Jon
Jon
19 days ago

Two F-35Bs took part in the exercise, one British and one Italian, and although they refuelled from an Italian tanker, a Merlin also landed, carrying a British crew to help with the refuelling operation, new to the Italians.

Graham Moore
Graham Moore
19 days ago

I was interested to learn what ‘austere’ meant today. It seems to mean refuelling on copious hardstanding in broad daylight, in perfect weather, possibly at an estabished airbase. Far cry from the days of Harrier when austere meant that not only was the aircraft refeulled in the middle of a wood but that the aircraft could operate from such ‘non-airfields’.

Daniele Mandelli
Daniele Mandelli
18 days ago
Reply to  Graham Moore

I guess such ops could happen again once the experience is built up?

All the enablers still exist. Just need a few spare A roads!

ChariotRider
ChariotRider
18 days ago
Reply to  Graham Moore

Hi Graham, I remember reading about the Harrier force deploying into woods in Germany. The force reportedly had more trucks than the rest of the RAF had and we are talking about back in the 1970’s when the RAF had about 80,000 people! The Harrier force also took its own runway with it that rolled off the back of trucks, a bit like a roller garage door. All very clever and the RAF got very good at deploying into all sorts of places. However, I have real doubts that the F35B would ever go quite that far, as it is… Read more »

Graham Moore
Graham Moore
18 days ago
Reply to  ChariotRider

Hi CR, I was a BAOR warrior on-off doing 4 tours over the period from 1975-92. It was very reassuring for us army folk to know that (if the balloon went up) we could get Harrier CAS even if the Warsaw Pact had hit the runways at Gutersloh and the clutch airbases.

ChariotRider
ChariotRider
18 days ago
Reply to  Graham Moore

Hi Graham, I bet it was. I read General Sir John Hacket’s, The Third World War. Very, very good book and pretty chilling read at the time, given I grew up near High Wycombe with Strike Command and RAF Daws Hill close by. The book covered every aspect of the war from the hords of Russian tanks hitting the BAOR and the Americans in the Fulda Gap, to the Battle of the Atlantic all very authentic as one would expect from from a former commander of the BAOR. I worked with a Wing Commander who was a former F4 pilot… Read more »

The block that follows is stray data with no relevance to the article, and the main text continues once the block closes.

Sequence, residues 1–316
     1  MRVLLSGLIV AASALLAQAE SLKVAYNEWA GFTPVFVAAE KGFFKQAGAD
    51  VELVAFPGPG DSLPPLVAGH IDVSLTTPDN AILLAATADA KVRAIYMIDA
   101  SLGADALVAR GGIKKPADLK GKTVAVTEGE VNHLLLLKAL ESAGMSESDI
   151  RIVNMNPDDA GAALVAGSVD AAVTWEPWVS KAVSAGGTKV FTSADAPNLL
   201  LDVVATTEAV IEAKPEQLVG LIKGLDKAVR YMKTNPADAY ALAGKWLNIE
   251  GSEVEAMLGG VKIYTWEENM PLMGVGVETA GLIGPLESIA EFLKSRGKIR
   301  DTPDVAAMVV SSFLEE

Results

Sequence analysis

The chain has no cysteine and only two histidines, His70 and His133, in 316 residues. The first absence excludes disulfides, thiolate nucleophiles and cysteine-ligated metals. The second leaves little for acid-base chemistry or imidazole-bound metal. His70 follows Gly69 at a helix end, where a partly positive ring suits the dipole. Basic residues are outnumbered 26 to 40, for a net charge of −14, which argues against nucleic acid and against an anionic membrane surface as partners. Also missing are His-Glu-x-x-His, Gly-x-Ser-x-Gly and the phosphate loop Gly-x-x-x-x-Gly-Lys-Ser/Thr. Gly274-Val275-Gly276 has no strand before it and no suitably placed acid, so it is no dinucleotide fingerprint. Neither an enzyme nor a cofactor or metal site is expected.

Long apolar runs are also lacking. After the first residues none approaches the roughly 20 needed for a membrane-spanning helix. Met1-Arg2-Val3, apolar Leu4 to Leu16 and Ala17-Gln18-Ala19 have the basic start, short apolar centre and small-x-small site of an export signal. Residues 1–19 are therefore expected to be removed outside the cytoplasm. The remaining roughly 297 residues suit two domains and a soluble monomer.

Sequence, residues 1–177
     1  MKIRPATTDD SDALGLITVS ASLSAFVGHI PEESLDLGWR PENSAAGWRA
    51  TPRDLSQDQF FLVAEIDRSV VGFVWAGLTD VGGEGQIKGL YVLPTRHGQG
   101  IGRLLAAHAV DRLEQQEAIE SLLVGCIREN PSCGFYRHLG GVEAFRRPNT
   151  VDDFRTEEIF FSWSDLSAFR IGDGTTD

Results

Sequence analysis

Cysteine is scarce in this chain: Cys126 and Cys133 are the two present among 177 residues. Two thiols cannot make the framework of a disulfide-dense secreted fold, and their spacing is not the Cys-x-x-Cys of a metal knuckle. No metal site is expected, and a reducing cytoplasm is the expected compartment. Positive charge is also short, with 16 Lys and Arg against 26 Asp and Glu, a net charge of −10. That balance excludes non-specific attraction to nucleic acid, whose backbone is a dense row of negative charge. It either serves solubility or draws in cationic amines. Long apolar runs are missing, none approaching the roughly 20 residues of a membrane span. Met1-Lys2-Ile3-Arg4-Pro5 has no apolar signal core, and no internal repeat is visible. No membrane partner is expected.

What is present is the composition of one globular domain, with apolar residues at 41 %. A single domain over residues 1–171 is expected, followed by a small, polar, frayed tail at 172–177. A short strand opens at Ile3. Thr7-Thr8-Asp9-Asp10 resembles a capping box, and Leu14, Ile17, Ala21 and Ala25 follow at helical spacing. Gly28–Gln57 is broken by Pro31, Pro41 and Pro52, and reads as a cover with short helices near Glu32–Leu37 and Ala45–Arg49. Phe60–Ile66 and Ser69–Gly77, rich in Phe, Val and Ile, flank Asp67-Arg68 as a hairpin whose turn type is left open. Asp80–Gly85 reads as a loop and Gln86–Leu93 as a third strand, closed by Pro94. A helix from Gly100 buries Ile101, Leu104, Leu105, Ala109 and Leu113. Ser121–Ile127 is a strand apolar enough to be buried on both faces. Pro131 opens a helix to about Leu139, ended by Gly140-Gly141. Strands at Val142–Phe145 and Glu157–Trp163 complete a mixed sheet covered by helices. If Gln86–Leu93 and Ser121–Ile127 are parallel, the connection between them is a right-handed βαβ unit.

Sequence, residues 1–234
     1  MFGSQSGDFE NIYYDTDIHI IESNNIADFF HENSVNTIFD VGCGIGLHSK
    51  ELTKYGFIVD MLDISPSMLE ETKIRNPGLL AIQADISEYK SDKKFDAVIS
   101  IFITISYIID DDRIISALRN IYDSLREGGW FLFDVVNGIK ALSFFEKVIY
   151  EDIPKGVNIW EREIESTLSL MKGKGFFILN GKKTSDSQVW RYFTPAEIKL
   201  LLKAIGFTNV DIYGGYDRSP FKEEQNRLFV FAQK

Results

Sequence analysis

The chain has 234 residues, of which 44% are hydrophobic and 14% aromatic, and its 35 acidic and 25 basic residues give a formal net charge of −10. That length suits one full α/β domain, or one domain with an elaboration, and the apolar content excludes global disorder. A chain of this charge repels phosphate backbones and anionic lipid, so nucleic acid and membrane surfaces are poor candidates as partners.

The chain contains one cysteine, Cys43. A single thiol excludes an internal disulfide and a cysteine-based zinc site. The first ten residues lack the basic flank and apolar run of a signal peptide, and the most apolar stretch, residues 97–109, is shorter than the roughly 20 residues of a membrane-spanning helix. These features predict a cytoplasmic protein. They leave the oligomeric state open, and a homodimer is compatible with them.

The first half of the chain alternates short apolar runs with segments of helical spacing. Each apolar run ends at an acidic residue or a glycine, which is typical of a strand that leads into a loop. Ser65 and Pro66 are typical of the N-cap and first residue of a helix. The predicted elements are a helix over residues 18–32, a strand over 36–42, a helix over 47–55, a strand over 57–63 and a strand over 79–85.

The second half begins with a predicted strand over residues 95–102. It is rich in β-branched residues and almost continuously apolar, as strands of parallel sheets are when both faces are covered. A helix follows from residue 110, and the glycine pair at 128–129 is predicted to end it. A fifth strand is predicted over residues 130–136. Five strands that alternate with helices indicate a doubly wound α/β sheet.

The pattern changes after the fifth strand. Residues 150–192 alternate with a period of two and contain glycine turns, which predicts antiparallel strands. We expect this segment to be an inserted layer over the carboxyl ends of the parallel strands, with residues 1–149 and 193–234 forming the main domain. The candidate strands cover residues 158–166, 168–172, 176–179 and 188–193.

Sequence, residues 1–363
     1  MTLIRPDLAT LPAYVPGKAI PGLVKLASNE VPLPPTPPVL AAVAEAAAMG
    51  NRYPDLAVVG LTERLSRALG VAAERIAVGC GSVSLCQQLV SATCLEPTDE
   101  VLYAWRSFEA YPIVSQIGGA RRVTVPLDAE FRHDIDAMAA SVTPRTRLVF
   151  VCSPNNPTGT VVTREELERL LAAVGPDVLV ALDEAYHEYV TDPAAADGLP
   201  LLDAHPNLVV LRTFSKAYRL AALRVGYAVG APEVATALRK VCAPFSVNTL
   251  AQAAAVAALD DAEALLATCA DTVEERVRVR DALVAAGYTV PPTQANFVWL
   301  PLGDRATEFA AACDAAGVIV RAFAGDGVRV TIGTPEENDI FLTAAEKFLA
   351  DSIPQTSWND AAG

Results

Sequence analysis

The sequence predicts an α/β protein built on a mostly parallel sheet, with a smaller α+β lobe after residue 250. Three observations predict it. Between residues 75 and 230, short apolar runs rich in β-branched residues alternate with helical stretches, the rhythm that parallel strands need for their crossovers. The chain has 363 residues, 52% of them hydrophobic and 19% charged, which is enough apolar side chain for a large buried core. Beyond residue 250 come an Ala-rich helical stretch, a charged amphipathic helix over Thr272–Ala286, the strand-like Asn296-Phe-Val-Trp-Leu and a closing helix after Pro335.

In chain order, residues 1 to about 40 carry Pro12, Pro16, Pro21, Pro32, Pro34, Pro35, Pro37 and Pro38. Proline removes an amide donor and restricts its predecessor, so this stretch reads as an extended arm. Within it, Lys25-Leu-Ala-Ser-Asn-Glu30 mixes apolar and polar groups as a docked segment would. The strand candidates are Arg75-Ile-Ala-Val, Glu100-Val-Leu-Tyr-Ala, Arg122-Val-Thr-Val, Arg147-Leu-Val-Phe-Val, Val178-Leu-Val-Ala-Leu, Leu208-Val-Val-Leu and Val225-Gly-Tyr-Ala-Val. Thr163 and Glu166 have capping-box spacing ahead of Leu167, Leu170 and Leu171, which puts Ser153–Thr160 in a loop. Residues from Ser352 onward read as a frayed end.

Graham Moore
Graham Moore
17 days ago
Reply to  ChariotRider

I read Gen Hackett’s book too – I distinctly remember his line that the Soviets feared our Chieftain tanks but were glad that we did not have too many of them (we had 900 of them then!). I must re-read that book with the extra chapter in it. I like your F4 pilot’s story. My equally chilling one (now in the public domain) is that all our exercises ended with a long NBC phase, as we had used tactical nukes in a last ditch effort to stop the vastly numerically superior WP hordes – and had to then be prepared… Read more »

Airborne
Airborne
17 days ago
Reply to  ChariotRider

Read it, top book.

Rogbob
Rogbob
18 days ago
Reply to  Graham Moore

Except the logistics were never really stressed and it all depended on excellent lines of communcation back to the airbase. Which was unlikely in conflict. It was kind of done, but “exercise unreality” hid a lot of things even with a huge logisitical effort as mentioned above. In actuality, the intent was to use roads near light to medium industrial places offering shelter, power and light plus accomodation etc, except they were of course occupied in peacetime! Given Harriers comprised just 2 of the 12 squadrons in RAFG, then one wonders what real use having just them surviving attack would… Read more »

Graham Moore
Graham Moore
17 days ago
Reply to  Rogbob

Other things have been ‘left behind’ – many of our vehicles ‘swam’ (albeit slowly and with some preparation) ranging from 432 to Stalwart, in case bridges were down. Not much evidence of that capability today!

Peter S
Peter S
19 days ago

The main runway at Pantelleria is just over a mile long. I presume( the photo seems to confirm)that the F35b used its liftfan to achieve a rolling vertical landing. The F35a might need a longer runway to operate with heavy load. The Italian air force is fighting the navy to keep its share of the planned B order, as well as their A versions, precisely to have this operational flexibility.